Author Archives: solwayshorewalker

A Solway small-holding

Yesterday I stood leaning on the pitchfork by the glowing ash-pile, just looking around at the trees and the hedges and our sheep. Two weeks ago, on a blue, still morning, there had been a sound like a gun-shot from … Continue reading

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Tidal Power proposals on the Solway: an update

When I first blogged about this topic, back in October 2015, I explained why the Solway Firth is being considered as a suitable estuary for the construction of tidal power schemes, and the basic ideas and technology behind the schemes. … Continue reading

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Where ships meet …

Goldilocks would have liked the tanker Zapadnyy’s cargo: molasses, at just the right temperature, not too hot and not too cold. Transporting molasses is tricky – it must be kept fairly fluid, so heating coils warm it to 24oC in … Continue reading

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Port Carlisle: canals and ships and trains

When the tide is out, Port Carlisle’s former life is laid bare in stark, dark shapes. A line of rotten wooden stumps, marching out across the mud, scarcely hints that here was once the steamer pier. Out beyond the whale-back … Continue reading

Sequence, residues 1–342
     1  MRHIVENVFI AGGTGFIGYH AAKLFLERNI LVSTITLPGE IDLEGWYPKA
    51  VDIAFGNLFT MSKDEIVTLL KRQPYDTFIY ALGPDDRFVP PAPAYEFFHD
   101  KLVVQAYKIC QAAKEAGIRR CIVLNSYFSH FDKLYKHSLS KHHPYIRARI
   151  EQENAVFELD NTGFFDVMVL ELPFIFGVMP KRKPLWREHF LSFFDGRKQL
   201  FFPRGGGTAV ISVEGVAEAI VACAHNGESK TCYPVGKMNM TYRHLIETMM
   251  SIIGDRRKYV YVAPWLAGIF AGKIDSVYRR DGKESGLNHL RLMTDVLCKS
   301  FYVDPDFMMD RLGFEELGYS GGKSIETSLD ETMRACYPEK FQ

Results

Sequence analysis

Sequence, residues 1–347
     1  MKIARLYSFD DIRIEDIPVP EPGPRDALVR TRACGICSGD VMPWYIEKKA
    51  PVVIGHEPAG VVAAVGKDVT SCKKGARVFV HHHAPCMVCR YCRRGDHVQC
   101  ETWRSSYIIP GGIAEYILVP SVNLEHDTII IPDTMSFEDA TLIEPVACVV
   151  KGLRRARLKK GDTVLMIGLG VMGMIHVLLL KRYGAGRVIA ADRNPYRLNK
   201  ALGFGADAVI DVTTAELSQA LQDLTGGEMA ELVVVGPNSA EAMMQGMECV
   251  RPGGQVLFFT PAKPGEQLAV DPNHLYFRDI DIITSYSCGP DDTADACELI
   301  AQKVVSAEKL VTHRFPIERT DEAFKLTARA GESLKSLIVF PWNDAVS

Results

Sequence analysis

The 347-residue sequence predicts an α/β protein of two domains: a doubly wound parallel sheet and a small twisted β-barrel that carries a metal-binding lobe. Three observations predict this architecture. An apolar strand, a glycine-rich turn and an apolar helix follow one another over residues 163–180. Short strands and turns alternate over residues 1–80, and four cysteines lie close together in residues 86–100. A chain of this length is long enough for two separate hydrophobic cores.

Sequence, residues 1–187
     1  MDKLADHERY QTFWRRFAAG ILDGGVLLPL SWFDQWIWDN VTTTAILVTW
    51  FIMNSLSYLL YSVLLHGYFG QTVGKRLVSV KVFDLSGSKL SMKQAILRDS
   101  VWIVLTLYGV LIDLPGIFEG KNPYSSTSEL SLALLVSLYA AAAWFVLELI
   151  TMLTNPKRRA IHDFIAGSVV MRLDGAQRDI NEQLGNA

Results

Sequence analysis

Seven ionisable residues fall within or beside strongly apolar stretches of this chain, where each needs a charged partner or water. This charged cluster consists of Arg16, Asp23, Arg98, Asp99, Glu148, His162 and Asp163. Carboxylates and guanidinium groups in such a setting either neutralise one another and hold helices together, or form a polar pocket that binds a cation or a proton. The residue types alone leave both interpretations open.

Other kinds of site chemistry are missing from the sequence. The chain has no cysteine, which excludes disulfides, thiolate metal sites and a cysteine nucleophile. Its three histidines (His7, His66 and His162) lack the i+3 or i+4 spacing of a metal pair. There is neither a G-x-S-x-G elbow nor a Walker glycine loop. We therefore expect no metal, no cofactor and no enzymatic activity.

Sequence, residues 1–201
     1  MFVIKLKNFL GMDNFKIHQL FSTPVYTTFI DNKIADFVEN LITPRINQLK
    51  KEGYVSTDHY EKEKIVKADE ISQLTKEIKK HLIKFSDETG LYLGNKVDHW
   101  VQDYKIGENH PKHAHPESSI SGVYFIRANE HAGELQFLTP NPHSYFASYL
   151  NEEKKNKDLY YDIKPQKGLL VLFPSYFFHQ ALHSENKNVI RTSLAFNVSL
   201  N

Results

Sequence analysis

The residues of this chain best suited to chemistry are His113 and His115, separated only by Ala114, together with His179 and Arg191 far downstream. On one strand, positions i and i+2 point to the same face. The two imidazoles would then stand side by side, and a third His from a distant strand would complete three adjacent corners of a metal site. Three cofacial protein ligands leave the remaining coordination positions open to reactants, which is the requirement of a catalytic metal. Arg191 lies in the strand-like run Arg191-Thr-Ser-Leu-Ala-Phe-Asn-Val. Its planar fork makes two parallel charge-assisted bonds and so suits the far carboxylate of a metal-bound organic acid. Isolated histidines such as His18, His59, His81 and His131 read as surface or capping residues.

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Tracking Triops, the elusive Tadpole Shrimp

In August, after the long weeks of cloudless blue skies, and heat that shimmered over the cracked mud of the merse, the rain came. The jet stream had looped into another orientation, and the rain fell day after day for … Continue reading

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“What’s the point of them?”

I was handing round photos of various colourful marine worms – polychaetes with euphonious names, Lanice, Sabellaria, Pectinaria and Arenicola: like the names of operatic heroes and heroines, to be sung aloud. It was still early – the best low … Continue reading

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Recording the Solway’s amazing nature: a guest post by Deborah Muscat

Why we need to pay attention to the other living species with whom we share this area, and identify and record them. My thanks to Deborah Muscat, Manager of the Cumbria Biodiversity Data Centre based in Carlisle, for writing this … Continue reading

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The charisma of Corophium, the mud-shrimp

The level of the salty, sediment-laden water in the Upper Solway is dropping with the ebbing tide, turning increasingly brackish as the waters of the rivers Esk and Eden dominate. The edges of the saltmarshes stand proud above glistening mudflats … Continue reading

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Capturing a saltmarsh in words: a creative writing day on the Upper Solway

Saturday June 8th 2019, 10am-4pm; RSPB Campfield, Bowness-on-Solway, CA7 5AG When you think of Cumbria you probably imagine the Lake District; you might even think of the Solway’s beaches like St Bees’ or Allonby – but it’s highly unlikely that … Continue reading

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The Solway saltmarshes 2: Rockcliffe Marsh

“The marsh is not set in the way that the English landscape is set.” Continue reading

Posted in coastal history, conservation, Foot-and-Mouth epidemic, saltmarshes, wetlands | Tagged , ,